# Shear Stress between Parallel Plates So in this particular problem what we have
is laminar flow between parallel plates, and the velocity distribution is given by u over
big U equals one minus two, y over h, that whole quantity squared. This big U generally
we us it big U when we are talking about a fixed plate and a moving plate, and that big
U is the velocity of the moving plate. However when you are talking about a flow, laminar
flow between plates. Generally what is causing the flow is not a moving plate, but its pressure
driven. So instead of saying big U we actually say umax, which is the maximum velocity of
the fluid, and that is going to be what we normalize our velocity distribution by, and
so what we are asked to do here is consider water at 15 degree C. Umax equals 0.10 m/s,
and h, which is the distance separating the plate is 0.25 mm, and we are going to set
the origin midway between the plates. The reason for that is if you actually drew the
velocity distribution it out look like this, and what you should hopefully be able to see
from this. Is that it is symmetrical with a max being at the origin, right here, and
what we are asked to find is the shear stress on the upper plate, and its direction. So
our governing equation is that the shear stress our tau equals mu, which is the viscosity
times du/dy. So were do we find the viscosity, well the reason that they tell us its water
at 15 degree C is that we go to a table look up the viscosity of water at 15 degree C,
and we find that it equals 1.14×10^-3 N*s/m^2. The next thing we do is take the derivative
of u with respect to y, and we have to rewrite it as u equals Umax, one minus two y, over
h, the quantity squared. So when we take this derivative, it is again a relatively simple
derivative we find that du/dy equals Umax, minus 4 y, over h, times 2. Or minus h, Umax,
y, over h^2. Sorry I forgot that h^2 down there. So we are trying to find the shear
stress on the upper plate. So if you recall our origin is in the center, and our y in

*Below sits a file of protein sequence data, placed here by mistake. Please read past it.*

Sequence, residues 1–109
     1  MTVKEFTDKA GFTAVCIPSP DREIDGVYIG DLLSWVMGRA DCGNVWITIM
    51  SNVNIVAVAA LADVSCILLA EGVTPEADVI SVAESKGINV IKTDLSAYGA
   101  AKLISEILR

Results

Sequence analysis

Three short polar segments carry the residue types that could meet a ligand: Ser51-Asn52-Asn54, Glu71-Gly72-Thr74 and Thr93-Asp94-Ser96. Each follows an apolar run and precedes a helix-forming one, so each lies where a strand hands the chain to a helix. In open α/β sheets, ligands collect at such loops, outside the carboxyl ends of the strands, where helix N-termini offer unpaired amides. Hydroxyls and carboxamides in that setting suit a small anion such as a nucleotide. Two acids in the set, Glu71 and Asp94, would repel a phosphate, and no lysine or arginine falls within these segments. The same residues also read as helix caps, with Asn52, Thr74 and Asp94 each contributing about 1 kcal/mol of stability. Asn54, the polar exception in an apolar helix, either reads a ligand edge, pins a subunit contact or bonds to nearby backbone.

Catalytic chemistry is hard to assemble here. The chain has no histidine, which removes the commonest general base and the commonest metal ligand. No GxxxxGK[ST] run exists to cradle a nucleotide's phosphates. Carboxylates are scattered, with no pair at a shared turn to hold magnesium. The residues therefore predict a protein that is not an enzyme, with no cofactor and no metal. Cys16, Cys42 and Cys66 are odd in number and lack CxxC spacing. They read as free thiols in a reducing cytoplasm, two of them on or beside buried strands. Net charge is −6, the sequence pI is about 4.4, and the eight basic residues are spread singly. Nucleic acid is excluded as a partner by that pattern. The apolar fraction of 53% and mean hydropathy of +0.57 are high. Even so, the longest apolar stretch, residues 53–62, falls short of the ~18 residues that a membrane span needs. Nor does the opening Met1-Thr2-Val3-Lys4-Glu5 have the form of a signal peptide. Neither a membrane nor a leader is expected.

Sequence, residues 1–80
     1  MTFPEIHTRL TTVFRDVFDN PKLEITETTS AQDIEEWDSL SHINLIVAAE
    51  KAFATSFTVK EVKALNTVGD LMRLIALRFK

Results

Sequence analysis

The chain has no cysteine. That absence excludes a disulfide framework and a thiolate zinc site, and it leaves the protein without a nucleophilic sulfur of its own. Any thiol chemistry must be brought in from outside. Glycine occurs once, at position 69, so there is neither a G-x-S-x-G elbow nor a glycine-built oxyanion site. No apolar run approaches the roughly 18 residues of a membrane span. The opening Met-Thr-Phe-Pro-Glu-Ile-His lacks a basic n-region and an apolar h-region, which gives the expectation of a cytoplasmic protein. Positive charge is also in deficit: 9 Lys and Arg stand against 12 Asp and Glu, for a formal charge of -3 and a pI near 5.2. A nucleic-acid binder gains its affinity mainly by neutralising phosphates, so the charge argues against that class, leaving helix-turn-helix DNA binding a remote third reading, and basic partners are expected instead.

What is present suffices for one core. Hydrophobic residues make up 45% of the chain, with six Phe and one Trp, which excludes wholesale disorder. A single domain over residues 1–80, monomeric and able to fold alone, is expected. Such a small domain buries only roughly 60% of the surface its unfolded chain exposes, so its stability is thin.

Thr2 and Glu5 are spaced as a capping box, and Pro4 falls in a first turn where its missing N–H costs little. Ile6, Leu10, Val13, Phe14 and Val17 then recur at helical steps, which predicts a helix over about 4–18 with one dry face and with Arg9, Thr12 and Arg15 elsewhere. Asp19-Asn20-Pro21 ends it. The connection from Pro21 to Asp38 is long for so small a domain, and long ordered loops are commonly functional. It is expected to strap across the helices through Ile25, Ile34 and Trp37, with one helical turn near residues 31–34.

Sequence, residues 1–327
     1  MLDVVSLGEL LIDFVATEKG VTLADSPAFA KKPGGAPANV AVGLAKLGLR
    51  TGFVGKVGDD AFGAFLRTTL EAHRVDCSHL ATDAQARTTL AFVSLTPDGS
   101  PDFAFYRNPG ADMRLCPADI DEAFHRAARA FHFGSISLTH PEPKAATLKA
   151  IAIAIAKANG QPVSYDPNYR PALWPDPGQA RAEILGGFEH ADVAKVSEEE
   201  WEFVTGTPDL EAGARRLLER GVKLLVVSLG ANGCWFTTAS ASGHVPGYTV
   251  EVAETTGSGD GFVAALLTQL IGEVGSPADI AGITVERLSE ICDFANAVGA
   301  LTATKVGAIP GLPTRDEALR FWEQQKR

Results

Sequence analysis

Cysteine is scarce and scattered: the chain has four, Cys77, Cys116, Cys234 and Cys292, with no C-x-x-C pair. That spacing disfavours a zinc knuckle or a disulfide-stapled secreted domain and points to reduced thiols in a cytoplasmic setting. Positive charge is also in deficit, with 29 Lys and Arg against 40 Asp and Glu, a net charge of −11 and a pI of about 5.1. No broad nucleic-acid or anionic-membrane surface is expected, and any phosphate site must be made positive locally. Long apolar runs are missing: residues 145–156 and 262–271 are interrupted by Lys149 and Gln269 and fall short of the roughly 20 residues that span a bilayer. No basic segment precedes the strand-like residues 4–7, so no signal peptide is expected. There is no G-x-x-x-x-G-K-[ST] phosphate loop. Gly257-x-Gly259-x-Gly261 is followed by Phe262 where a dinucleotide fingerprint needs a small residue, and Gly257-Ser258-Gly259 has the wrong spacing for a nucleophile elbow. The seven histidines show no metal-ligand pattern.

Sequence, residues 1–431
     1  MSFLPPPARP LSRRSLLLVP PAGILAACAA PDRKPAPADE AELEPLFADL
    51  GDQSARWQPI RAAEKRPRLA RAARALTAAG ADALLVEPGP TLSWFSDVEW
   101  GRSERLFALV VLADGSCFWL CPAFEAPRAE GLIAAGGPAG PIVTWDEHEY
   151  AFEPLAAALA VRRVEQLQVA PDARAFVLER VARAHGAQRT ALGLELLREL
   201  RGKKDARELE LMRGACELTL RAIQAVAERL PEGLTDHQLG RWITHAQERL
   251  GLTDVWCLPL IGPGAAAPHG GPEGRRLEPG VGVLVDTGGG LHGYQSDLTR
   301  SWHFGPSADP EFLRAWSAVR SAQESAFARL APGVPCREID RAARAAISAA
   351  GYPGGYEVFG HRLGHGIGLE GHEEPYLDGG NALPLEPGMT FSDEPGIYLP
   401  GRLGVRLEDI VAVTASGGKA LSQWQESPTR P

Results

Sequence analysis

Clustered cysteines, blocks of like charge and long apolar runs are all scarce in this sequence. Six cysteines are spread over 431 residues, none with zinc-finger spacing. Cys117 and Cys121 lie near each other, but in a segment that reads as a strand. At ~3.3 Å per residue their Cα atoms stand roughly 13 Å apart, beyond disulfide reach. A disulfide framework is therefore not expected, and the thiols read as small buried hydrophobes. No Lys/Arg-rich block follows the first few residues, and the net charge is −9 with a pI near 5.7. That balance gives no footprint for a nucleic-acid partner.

the plus direction is like that. So what we are really trying to find is du/dy at y=positive
h/s. So when we put that in our equation we find that our tau equals mu, then minus 8,
Umax over h^2, times h/2, which is minus 4, mu,Umax, over h, and so when we plug our numbers
in. Including what our h is, and our viscosity that we looked up. We find that our tau is
minus 1.83 N/m^2. Notice that is a force divided by an area. Since our tau is a negative number,
what direction does it act in? It has to act in the negative direction or against the flow.
So what if we were asked to find it instead on the lower plate. Now instead of having
y be h/2, y would be negative h/2, and so what would the difference be. The difference
would be that the magnitude would be the same. However the sign would change. So we would
have the exact same magnitude, but in a different direction, and finally lets check to make
sure that max is actually at the center. So how do we do that? Well what we do is we find
du/dy, and again that is negative 8, Umax, y, over h^2, and how do we find what the maximum
is? You take the derivative, and set it equal to 0. So we set this equal to 0. The only
way that could be is if y equal 0. They way we set up our coordinate system. For fun what
you might want to do is change the coordinate system, put it on the very bottom, and see

## 14 comments on “Shear Stress between Parallel Plates”

1. Awais A. Kiyani Post author

thankyou 🙂

2. Mpc340 Post author

great video!

3. dsf sadf Post author

how did you get tow to equal 1.83 when i am doing the problem i keep getting .001824, I am not sure if I am plugging a number in wrong but is the equation( 4 (1.14*10^-3)(0.1))/.25

4. LearnChemE Post author

Make sure to have correct units…0.25 mm and 1.14×10^-3 has meters.

5. jamilbigj Post author

If y = h then shear stress would -3.66 N/m^2 and y = 0, shear stress would be 0. But, I am having trouble finding for what value of y is umax, maximum.

6. LearnChemE Post author

We are looking at the top with the origin in the middle, so we are evaluating at y = h/2. When we plug in our values (make sure to use correct units), h is still the distance between plates. y = 0 is the middle between the two plates, where the velocity, U, is a maximum.

7. Yasa ALG Post author

This channel is amazing. you totally saved my ass on two CHE finals bro. keep up the good work.

8. LearnChemE Post author

This screencast has been reviewed by faculty from other academic institutions.

9. Alex Zenteno Post author

In the lower plate shouldn´t the shear stress be in the same direction that in the upper one? Cause, I think that always the shear stress is in oposite direction to the velocity and decreases while the velocity grows so it would be zero at the origin and have both maximum values (negative to the velocity) near the plates. I would realy appreciate that you answer my question. Greetings

10. Safuan Sabri Post author

if the question ask about the shears stress for both plates. are we have to sum the answer or leave it for two answer?

11. runinguy Post author

Thanks for the great video (along with the others in the Fluid Mechanics playlist). Do you have citable sources for the the two equations presented in this video?

12. Steven Herrera Post author

why is the derivative mulitplied by 2 at the end? shouldnt it just be 4y/d^2

13. Arthur Isaac Post author

what is y?

14. Loay Al Ahmad Post author

Since the final value is negative (-1.83), the direction in the plus x direction. Therefore you made a mistake in the end, please correct that.